Excerpts from the Innovation Economy blog.
Start-up scenesters Alex Patriquin and Jon Pierce are behind a worthy new project called Workvibe. The site will be home to a collection of video profiles of Boston-area companies like PerkStreet Financial, Backupify, and HubSpot. The mission is to try to pull new talent into the start-up scene.
“In looking at the local start-up ecosystem and how we could improve it,’’ Pierce wrote via e-mail, “we converged on a few related challenges: our best start-ups are having trouble hiring the talent they need to grow; much of the talent we do have in Boston - in schools, out on 128, in interactive agencies downtown, etc. - is either unaware of, disconnected from, or has misconceptions about start-ups; collectively, we could do a much better job of celebrating our successes and projecting a positive, entrepreneurial culture; and last but not least, we absolutely must do a better job of retaining the talent we do have, particularly in our schools.’’
Pierce and Patriquin started working on the project in September. While they hope it will have a good run, they don’t aim to turn it into a business of its own.
“We do see an acute need in the marketplace for an evolution of the ways that companies recruit and portray themselves to candidates,’’ Patriquin added.
Other companies that will be featured on Workvibe.com include EverTrue, which helps schools communicate with their alumni, and GrabCAD, which operates a marketplace for product design services.
Companies that attain momentum tend to attract “inbound’’ calls from venture capitalists, asking whether they might be able to use a little more rocket fuel.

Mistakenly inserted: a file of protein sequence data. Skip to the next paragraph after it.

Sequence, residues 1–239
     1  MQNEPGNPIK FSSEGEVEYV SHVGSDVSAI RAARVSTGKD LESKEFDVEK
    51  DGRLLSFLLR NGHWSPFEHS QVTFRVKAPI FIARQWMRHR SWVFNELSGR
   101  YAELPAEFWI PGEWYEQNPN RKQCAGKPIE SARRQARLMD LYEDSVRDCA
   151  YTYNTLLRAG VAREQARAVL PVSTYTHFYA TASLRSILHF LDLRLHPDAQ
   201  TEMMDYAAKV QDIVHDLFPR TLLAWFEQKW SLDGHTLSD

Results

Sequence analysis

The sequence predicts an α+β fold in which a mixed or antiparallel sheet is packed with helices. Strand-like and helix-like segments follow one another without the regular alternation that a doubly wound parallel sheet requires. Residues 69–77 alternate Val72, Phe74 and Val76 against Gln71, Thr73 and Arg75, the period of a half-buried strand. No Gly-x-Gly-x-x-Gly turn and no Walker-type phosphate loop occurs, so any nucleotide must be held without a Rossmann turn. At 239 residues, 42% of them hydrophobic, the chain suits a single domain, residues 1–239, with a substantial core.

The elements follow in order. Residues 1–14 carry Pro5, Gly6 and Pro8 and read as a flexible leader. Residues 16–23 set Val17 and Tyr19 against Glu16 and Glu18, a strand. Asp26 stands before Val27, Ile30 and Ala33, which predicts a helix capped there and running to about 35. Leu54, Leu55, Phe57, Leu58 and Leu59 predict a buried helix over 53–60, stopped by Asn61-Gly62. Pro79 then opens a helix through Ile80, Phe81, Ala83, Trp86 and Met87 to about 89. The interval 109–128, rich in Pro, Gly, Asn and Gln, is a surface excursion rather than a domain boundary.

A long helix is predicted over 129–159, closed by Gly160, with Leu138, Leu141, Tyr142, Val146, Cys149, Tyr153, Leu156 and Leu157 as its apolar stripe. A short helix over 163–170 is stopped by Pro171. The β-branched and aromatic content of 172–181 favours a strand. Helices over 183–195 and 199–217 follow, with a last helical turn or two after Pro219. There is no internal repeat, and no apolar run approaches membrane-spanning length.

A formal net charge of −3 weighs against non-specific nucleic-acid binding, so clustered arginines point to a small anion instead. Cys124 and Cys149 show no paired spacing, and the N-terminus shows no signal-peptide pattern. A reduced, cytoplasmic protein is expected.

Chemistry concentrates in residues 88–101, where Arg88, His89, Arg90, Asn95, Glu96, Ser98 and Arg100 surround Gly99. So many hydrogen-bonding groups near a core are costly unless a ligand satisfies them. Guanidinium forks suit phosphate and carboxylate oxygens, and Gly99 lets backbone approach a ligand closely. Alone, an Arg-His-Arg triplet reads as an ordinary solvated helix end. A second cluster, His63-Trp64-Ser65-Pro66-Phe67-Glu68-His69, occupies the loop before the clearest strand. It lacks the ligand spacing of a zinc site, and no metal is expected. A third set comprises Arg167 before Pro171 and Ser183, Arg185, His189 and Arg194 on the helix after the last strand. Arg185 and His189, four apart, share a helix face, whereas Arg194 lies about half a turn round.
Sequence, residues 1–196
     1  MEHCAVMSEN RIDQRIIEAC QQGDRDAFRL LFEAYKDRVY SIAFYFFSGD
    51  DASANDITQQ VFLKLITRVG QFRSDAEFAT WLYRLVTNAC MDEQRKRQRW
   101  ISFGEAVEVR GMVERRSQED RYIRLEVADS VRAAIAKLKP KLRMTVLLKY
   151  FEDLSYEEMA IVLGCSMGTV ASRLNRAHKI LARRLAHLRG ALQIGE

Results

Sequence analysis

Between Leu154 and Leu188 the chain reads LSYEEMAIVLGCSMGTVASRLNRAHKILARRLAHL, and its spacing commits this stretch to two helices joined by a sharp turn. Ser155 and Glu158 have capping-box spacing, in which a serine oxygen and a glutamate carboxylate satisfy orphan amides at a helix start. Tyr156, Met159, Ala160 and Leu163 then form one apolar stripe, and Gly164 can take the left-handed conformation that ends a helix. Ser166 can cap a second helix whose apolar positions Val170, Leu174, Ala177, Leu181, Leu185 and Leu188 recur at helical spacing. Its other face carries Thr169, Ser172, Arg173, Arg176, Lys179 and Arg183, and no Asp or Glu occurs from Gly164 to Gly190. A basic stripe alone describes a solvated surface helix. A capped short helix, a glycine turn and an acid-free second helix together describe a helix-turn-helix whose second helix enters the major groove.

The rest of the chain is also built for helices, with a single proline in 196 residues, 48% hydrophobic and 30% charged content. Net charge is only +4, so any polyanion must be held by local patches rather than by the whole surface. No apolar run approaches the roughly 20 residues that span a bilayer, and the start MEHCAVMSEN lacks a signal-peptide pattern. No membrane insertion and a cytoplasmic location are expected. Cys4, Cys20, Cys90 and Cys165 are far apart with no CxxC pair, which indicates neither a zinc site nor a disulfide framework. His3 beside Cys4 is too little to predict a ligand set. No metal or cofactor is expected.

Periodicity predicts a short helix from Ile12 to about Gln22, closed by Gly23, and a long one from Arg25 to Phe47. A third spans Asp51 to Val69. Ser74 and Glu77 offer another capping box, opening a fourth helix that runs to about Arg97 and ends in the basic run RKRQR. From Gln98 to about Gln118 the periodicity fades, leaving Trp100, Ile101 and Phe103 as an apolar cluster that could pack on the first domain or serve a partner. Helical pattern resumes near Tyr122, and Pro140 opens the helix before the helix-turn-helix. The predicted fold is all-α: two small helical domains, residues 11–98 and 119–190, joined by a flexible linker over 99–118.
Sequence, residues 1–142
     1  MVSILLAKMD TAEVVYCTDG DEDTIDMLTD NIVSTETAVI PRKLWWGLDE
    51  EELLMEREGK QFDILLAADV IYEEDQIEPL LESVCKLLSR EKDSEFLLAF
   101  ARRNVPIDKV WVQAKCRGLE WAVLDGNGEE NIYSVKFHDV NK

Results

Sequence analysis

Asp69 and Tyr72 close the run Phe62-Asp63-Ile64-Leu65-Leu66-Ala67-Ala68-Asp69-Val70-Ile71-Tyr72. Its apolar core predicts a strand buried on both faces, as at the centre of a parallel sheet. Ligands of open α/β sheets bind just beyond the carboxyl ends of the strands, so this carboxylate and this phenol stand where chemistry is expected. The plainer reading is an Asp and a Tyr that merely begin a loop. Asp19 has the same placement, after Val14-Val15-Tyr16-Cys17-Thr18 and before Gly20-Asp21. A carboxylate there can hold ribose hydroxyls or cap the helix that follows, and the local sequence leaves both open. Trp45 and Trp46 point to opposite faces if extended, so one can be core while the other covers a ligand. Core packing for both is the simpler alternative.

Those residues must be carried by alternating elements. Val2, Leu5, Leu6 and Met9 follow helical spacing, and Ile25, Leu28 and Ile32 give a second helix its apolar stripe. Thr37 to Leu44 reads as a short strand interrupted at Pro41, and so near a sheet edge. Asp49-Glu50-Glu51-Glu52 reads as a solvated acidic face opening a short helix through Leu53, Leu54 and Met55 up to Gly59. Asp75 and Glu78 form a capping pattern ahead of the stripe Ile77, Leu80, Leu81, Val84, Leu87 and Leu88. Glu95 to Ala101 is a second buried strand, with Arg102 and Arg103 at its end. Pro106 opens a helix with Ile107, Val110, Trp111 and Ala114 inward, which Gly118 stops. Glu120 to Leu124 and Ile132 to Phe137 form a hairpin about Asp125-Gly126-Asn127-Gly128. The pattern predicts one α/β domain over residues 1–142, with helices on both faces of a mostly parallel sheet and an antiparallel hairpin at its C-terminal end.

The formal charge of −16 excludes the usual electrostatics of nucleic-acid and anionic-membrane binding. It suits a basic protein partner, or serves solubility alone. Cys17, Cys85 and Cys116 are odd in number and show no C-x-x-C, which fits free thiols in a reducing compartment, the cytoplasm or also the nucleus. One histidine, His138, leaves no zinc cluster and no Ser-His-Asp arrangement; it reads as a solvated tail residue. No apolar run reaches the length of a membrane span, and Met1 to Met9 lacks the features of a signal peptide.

That was the case with Shareaholic, a small Cambridge company that creates tools for users and Web publishers that make it easy to share content and analyze what visitors are sharing.
Shareaholic founder Jay Meattle wrote via e-mail: “We weren’t even thinking about raising a round [of funding] at the beginning of the summer, but our growth rate and traction started attracting a lot of inbound interest in the company.’’
About 2 million people have downloaded Shareaholic’s browser plug-in, which enables content sharing through services such as Facebook, Twitter, Digg, Tumbler, and plain old e-mail. Through publishers that use Shareaholic’s tools, the company reaches about 250 million unique users each month, it says. Investors took notice.
Shareaholic announced $1.9 million in new funding last week. “This round will enable us to lay a solid foundation for building the next big company in Boston, by scaling our team and resources to expand on our current traction and growth curve,’’ Meattle wrote.
Jim Baum, Netezza’s former chief executive, is making a career leap, from data warehousing to grocery warehousing.
Baum was running Netezza when IBM purchased the company for $1.7 billion; Netezza made high-performance data-warehousing appliances. Baum stuck around at Big Blue for exactly one year. Now, he’s joining CasePick Systems in Wilmington as CEO.
In almost five years of existence, CasePick has remained so quiet that it has not issued a single news release.
CasePick seems to be designing robotic carts - they call them T3Vs, or Track-guided Transfer and Transport Vehicles - that can move through a warehouse, picking up and dropping off cases (usually cardboard boxes) full of merchandise, using a robotic arm.
CasePick was acquired in 2009 by one of its early backers, New Hampshire-based C&S Wholesale Grocers.
As for the company’s low profile, Baum said, “I’m going to change all that,’’ alluding to a “meaningful launch’’ of the company in early 2012.
Baum said the company is exploring “lots of opportunities in the grocery industry and outside it. The strategy is not to keep the technology captive’’ within C&S, which is one of the country’s largest grocery wholesalers.
The company has about 100 employees, Baum said, “and we’ll go well beyond that in the next year.’’
For the full Innovation Economy blog, updated daily, visit www.boston.com/innovation.